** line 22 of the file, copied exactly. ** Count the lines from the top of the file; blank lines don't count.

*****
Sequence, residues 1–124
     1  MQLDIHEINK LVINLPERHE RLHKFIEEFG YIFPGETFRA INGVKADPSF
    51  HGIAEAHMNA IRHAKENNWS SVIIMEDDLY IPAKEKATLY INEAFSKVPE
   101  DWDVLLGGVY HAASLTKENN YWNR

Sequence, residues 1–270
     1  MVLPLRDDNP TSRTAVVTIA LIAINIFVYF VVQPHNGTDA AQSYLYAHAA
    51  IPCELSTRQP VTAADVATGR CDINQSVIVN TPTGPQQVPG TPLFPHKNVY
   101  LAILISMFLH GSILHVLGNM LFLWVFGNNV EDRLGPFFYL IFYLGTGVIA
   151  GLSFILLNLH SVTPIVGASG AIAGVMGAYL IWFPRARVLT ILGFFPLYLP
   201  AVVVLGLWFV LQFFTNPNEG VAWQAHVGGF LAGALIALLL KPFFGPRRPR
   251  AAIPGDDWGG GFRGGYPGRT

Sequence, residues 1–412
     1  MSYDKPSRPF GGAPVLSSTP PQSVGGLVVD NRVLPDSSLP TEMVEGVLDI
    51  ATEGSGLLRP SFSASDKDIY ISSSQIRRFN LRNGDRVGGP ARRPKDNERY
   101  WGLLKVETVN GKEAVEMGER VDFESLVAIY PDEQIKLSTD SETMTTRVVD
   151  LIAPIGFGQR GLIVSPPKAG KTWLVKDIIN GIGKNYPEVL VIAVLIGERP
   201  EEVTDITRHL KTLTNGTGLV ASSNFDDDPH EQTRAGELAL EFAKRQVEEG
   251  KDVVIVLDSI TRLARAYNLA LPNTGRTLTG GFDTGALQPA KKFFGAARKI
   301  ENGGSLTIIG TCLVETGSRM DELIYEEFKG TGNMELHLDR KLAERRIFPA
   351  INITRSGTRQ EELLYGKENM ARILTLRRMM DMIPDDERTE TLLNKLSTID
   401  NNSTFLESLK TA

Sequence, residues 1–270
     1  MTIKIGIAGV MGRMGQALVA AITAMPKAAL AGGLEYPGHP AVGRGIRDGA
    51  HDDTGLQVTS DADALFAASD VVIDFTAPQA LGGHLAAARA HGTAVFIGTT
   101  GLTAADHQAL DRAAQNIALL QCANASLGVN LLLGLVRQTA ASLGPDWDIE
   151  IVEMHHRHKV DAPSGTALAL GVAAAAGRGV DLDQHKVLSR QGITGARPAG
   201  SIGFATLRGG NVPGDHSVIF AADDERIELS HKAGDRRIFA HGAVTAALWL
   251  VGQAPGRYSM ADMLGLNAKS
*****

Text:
Sequence, residues 1–270